Wadsworth: Of course she did! I gathered you all here together because you were all implicated in Mr. Boddy's dastardly blackmail. Did none of you deduce that the others were involved, too? (everyone is stunned with silence) Evidently no one had.
    • Yvette is horrified when the noose is thrown around her neck and she sees the identity of her will-be murderer.
  • The Oldest Profession: Miss Scarlet runs a "house of ill fame". Prof. Plum asks for the phone number. Scarlet later mentions the trope name itself, explaining, "Like all members of The Oldest Profession, I'm a capitalist."
  • Ominous Clouds: The dark and ominous skies and pouring rain are early portents of the murderous events that would fall over the mansion of Hill House as six guests arrive and are greeted by a butler. Hilarity and six murders then take place.
  • Once per Episode: Several lines and events happen in all three endings, in similar ways and to similar effect.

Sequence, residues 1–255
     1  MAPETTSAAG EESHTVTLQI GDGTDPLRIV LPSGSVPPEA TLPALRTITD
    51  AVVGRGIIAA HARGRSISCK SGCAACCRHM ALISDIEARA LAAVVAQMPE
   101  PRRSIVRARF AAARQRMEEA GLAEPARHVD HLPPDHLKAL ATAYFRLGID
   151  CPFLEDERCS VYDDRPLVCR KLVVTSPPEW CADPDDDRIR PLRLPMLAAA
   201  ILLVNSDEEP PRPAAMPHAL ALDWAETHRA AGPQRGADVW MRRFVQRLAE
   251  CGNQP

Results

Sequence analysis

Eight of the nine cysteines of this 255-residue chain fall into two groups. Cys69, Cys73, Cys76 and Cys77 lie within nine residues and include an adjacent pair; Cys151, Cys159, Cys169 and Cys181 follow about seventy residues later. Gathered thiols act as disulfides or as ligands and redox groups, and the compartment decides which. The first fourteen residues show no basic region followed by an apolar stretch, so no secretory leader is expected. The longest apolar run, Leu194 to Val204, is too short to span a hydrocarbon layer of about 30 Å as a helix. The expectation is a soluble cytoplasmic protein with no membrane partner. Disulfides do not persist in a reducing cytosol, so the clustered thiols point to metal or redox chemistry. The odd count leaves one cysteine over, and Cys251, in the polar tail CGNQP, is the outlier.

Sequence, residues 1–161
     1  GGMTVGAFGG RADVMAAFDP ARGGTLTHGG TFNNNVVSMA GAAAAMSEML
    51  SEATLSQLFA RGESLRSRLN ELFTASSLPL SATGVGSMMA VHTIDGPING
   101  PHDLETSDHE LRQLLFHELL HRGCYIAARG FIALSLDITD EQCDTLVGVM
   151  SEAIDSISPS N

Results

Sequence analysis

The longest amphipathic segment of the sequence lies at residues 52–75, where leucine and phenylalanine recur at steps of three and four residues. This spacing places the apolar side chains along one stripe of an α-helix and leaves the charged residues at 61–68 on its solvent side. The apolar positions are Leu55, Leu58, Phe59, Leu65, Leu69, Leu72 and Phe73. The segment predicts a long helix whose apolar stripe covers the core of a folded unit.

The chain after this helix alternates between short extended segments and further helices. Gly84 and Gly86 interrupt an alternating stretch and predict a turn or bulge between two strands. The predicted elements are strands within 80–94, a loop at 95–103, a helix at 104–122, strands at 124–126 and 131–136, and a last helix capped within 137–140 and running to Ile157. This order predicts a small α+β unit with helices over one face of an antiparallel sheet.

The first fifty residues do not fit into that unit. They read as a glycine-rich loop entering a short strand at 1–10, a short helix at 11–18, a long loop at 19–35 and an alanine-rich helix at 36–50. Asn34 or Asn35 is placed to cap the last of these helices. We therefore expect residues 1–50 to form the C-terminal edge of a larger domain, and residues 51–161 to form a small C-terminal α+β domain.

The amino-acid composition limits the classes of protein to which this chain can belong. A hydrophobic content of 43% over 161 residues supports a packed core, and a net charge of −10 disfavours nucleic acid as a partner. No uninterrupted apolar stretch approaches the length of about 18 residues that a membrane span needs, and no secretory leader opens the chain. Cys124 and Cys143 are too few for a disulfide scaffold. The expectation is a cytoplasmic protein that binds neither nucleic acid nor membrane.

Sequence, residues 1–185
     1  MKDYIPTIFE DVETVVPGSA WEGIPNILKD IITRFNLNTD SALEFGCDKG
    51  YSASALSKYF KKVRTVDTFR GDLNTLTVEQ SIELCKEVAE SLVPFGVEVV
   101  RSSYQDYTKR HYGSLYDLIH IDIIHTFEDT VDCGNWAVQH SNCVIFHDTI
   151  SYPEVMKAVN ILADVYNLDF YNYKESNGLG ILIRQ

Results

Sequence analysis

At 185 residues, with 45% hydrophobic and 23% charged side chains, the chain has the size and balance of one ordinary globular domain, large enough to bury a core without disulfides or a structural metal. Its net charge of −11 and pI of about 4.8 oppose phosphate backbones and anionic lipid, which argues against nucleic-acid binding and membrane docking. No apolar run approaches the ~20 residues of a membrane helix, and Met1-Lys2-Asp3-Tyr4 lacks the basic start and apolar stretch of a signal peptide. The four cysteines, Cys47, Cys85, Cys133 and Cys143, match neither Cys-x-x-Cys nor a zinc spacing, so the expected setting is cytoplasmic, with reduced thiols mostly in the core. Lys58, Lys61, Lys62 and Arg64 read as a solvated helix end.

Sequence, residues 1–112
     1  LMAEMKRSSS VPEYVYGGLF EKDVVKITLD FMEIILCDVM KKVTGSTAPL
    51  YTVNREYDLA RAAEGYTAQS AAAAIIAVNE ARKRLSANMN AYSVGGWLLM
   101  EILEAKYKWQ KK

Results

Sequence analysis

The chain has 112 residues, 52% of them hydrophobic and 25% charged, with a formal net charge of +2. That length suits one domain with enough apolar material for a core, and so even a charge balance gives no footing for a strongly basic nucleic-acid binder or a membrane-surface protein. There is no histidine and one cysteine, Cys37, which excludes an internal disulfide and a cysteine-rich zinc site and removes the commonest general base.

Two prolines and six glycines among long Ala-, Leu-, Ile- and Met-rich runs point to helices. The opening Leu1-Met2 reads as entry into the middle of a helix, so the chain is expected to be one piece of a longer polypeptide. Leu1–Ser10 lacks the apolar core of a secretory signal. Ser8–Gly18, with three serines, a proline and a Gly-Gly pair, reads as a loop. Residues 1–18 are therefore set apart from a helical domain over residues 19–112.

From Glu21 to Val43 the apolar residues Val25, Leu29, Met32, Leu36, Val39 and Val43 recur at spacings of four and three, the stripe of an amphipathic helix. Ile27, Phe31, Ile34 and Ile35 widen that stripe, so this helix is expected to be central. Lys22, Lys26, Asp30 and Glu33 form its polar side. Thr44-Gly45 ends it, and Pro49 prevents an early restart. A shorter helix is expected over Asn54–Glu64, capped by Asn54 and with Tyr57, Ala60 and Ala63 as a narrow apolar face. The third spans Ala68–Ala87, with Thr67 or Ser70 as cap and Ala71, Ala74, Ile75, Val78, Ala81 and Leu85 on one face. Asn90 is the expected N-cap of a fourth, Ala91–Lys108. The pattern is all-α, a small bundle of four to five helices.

• Someone expresses with surprise that the murder plot had nothing to do with the various characters' government contacts, to which the killer replies, "Communism is just a red herring."
    • After the summation and confrontation, someone says, "There's just one thing I don't understand," to which someone else will quip, "One thing?"
    • "To make a long story short..." "Too late!"
    • "The gun is missing! Gentlemen, turn out your pockets! Ladies, empty your purses! Whoever has the gun is the murderer!" after which the killer will reveal themselves and attempt to escape. Said by Wadsworth in all but the last ending, where he has the gun and Green speaks the line.